epichirema definition

  • noun:
    • A syllogism where proof of the most important or small premise, or both, is introduced because of the premises themselves, as well as the summary is derived when you look at the ordinary fashion.
    • A syllogism where the proof of the most important or small premise, or both, is introduced with the premises themselves, while the conclusion comes inside ordinary fashion.
    • In logic:
    • As utilized by Aristotle, a reasoning based on premises usually accepted but available to doubt.
    • As popular, a syllogism having the truth of just one or both of its premises verified by a proposition annexed (known as a prosyllogism), so that an abridged substance debate is formed: as, All sin is dangerous; covetousness is sin (for it is a transgression associated with the legislation); for that reason, covetousness is dangerous. “For it is a transgression of law” is a prosyllogism, verifying the proposition that “covetousness is sin.”
    • A syllogism when the proof the most important or small idea, or both, is introduced utilizing the premises by themselves, as well as the summary is derived in ordinary manner.
    • A syllogism where proof of the major or small premise, or both, is introduced using premises by themselves, and the summary comes from into the ordinary way.
    • In logic:
    • As used by Aristotle, a reasoning considering premises usually admitted but available to doubt.
    • As commonly used, a syllogism obtaining the truth of 1 or each of its premises confirmed by a proposition annexed (called a prosyllogism), in order that an abridged mixture argument is made: as, All sin is dangerous; covetousness is sin (because of it is a transgression for the legislation); consequently, covetousness is dangerous. “For its a transgression for the legislation” is a prosyllogism, verifying the idea that “covetousness is sin.”
    • A syllogism where proof the major or minor premise, or both, is introduced because of the premises by themselves, and also the summary comes within the ordinary way.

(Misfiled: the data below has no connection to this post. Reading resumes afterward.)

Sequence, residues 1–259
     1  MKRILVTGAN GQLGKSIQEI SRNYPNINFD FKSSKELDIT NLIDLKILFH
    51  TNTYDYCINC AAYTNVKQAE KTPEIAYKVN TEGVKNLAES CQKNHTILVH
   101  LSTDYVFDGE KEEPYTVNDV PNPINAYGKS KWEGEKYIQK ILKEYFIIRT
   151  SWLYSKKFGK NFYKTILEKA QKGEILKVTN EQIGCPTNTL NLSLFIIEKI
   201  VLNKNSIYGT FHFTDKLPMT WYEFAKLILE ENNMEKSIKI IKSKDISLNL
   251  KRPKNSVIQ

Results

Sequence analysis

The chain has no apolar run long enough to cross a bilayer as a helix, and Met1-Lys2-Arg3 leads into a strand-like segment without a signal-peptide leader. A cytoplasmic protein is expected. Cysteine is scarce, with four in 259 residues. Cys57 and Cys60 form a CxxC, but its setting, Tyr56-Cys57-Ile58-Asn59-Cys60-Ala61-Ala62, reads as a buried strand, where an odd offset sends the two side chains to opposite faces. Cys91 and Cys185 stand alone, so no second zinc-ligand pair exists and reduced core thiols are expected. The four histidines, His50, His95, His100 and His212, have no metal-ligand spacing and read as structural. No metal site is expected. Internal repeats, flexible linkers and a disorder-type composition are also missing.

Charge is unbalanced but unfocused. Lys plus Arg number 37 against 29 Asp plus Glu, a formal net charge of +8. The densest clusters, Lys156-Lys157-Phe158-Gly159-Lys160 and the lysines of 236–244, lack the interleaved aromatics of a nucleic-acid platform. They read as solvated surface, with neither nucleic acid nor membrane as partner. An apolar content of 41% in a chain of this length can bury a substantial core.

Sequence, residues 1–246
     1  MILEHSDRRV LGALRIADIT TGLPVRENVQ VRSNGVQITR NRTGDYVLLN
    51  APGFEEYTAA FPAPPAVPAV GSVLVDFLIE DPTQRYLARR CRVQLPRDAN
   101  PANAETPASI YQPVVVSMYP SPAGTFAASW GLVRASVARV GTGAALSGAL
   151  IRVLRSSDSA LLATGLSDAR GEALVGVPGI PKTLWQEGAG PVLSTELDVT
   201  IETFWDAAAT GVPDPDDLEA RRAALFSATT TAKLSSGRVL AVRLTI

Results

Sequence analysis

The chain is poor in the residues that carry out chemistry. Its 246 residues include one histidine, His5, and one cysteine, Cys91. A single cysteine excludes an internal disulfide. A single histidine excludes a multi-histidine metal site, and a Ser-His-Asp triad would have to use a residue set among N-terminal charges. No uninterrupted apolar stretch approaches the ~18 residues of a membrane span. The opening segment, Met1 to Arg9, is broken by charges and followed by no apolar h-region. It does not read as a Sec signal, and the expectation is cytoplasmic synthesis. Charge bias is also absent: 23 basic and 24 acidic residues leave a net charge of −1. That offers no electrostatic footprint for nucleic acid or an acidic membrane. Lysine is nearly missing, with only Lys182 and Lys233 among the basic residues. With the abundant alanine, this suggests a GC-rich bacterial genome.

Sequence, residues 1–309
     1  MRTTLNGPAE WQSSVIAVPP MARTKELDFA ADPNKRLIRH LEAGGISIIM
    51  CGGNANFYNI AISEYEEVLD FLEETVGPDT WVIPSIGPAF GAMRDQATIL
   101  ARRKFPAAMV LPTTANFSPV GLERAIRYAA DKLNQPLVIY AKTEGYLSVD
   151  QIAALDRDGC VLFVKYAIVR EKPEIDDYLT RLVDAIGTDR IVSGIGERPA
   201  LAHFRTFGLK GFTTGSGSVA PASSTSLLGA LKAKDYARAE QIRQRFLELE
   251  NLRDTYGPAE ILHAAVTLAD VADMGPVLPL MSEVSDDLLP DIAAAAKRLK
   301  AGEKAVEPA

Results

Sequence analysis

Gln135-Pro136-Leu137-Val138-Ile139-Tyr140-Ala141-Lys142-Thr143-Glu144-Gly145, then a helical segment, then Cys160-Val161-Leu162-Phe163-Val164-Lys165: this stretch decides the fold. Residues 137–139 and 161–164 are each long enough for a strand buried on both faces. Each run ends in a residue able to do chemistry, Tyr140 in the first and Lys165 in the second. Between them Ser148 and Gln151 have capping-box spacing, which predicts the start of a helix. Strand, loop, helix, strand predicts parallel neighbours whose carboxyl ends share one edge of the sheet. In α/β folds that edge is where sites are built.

• A syllogism in which the evidence of the most important or minor idea, or both, is introduced utilizing the premises by themselves, while the conclusion is derived within the ordinary way.
    • In reasoning:
    • As used by Aristotle, a reasoning centered on premises typically accepted but ready to accept doubt.
    • As commonly used, a syllogism having the truth of one or both of its premises confirmed by a proposition annexed (called a prosyllogism), so that an abridged compound argument is formed: as, All sin is dangerous; covetousness is sin (for it is a transgression of the law); therefore, covetousness is dangerous. “For it is a transgression of the law” is a prosyllogism, confirming the proposition that “covetousness is sin.”
    • A syllogism in which the proof of the main or small premise, or both, is introduced because of the premises by themselves, additionally the summary is derived in the ordinary fashion.
    • A syllogism where the proof of the main or minor idea, or both, is introduced using premises on their own, plus the summary comes inside ordinary manner.
    • In logic:
    • As employed by Aristotle, a reasoning based on premises generally speaking accepted but ready to accept doubt.
    • As popular, a syllogism having the truth of 1 or each of its premises confirmed by a proposition annexed (known as a prosyllogism), making sure that an abridged ingredient argument is formed: as, All sin is dangerous; covetousness is sin (for it is a transgression associated with law); consequently, covetousness is dangerous. “For it is a transgression associated with the legislation” is a prosyllogism, verifying the idea that “covetousness is sin.”

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